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At the same time, it seems probable that the friendly society | miscalculation.” This preamble went on to recite that the of the present day owes its revival to a great extent to the Protest provisions of preceding acts had been found insufficient for these ant refugees of Spitalfields, one of whose societies was founded purposes, and great abuses had prevailed in many societies in 1703, and has continued among descendants of the same established under their authority. By this statute a friendly families, whose names proclaim their Norman origin. This society was defined as “an institution, whereby it is intended society has distinguished itself by the intelligence with which it to provide, by contribution, on the principle of mutual insurance, has adapted iis machinery to the successive modifications of the for the maintenance or assistance of the contributors thereto, law, and it completely reconstructed its rules under the provisions their wives or children, in sickness, infancy, advanced age, of the Friendly Societies Acts 1875 and 1876.
widowhood or any other natural state or contingency, whereof Another is the society of Lintot, founded in London in 1708, the occurrence is susceptible of calculation by way of average.” in which the ofice of secretary was for more than half a century It will be seen that this act dealt exclusively with scientific filled by persons of the name of Levesque, one of whom published aspect of the societies, and had nothing to say to the element a translation of its original rules. No one was to be received into of good fellowship. Rules and tables were to be submitted by the society who was not a member, or the descendant of a mem- the persons intending to form a society to the justices, who, ber, of the church of Lintot, of recognized probity, a good Pro- before confirming them, were to satisfy themselves that the contestant, and well-intentioned towards the queen (Anne) and tingencies which the society was to provide against were within faithful to the government of the country. No one was to be the meaning of the act, and that the formation of the society admitted below the age of eighteen, or who had not been received would be useful and beneficial, regard being had to the existence at holy communion and become member of a church. A of other societies in the same district. No tables or rules con. member should not have a claim to relief during his first year's nected with calculation were to be confirmed by the justices until membership, but if he fell sick within the year a collection should they had been approved by two persons at least, known to be be made for him among the members. The foreign names still professional actuaries or persons skilled in calculation, as fit borne by a large proportion of the members show that the con- and proper, according to the most correct calculation of which nexion with descendants of the refugees is maintained.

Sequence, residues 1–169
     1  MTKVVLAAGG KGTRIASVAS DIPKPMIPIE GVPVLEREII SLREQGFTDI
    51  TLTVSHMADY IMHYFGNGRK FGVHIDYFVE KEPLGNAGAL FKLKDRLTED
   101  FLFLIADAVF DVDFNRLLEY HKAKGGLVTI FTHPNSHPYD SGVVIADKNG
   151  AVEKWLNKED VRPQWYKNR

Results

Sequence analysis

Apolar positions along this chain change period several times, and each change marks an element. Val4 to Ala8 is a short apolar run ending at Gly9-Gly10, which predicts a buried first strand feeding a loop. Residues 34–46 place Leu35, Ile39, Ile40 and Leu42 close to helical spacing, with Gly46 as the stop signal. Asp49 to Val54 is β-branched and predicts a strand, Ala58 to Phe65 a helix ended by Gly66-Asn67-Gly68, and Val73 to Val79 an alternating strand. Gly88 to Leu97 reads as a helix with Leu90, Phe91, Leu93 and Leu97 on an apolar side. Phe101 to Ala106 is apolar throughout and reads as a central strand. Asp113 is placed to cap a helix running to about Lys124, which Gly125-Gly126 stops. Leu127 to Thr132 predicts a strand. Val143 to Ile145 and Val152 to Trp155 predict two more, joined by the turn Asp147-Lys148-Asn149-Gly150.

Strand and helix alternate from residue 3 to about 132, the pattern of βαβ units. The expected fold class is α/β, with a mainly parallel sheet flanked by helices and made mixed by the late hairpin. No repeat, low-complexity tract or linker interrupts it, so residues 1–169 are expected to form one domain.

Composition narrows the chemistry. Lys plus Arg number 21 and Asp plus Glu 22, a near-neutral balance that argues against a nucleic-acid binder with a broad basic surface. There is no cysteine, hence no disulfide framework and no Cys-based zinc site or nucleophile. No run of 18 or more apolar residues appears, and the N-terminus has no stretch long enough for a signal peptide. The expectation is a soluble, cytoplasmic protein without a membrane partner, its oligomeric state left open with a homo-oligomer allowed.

the nature of the case would admit. The justices in quarter The example of providence given by these societies was so sessions were also by this act authorized to publish general rules largely followed that Rose's Act in 1793 recognized the existence for the formation and government of friendly societies within of numerous societies, and provided encouragement for them in their county. The practical effect of this statute in requiring that various ways, as well as relief from taxation to an extent which the societies formed under it should be established on sound in those days must have been of great pecuniary value, and ex- principles does not appear to have been as great as might have emption from removal under the poor law. The benefits offered been expected. The justices frequently accepted as 'persons by this statute were readily accepted by the societies, and the skilled in calculation ” local schoolmasters and others who had vast number of societies which speedily became enrolled shows no real knowledge of the technical difficulties of the subject, that Rose's Act met with a real public want. In the county of while the restrictions upon registry served only to increase the Middlesex alone nearly a thousand societies were enrolled within number of societies established without becoming registered. a very few years after the passing of the act, and the number in In 1829 the law relating to friendly societies was entirely re. some other counties was almost as great. The societies then constructed by an act of that year, and a barrister was appointed formed were nearly all of a like kind-small clubs, in which the under that act to examine the rules of societies, and ascertain feature of good fellowship was in the ascendant, and that of that they were in conformity to law and to the provisions of the provident assurance for sickness and death merely accessory. act. The barrister so appointed was John Tidd Pratt (1797This is indicated by one provision which occurs in many of the 1870); and no account of friendly societies would be complete early enrolled rules, viz. that the number of members shall be that did not do justice to the remarkable public service rendered limited to 61, 81 or 101, as the case may be. The odd i which by this gentleman. For forty years, though he had by statute occurs in these numbers probably stands for the president or really very slight authority over the societies, his name exercised secretary, or is a contrivance to ensure a clear majority. Several the widest influence, and the numerous reports and publications of these old societies are still in existence, and can point to a by which he endeavoured to impress upon the public mind sound prosperous career based rather upon good luck than upon principles of management of friendly societies, and to expose scientific calculation. Founded among small tradesmen or those which were managed upon unsound principles, made him persons in the way to thrive, the claims for sickness were only a terror to evil-doers. On the other hand, he lent with readiness made in cases where the sickness was accompanied by distress. the aid of his legal knowledge and great mental activity to assistand even the funeral allowance was not always demanded. ing well-intentioned societies in coming within the provisions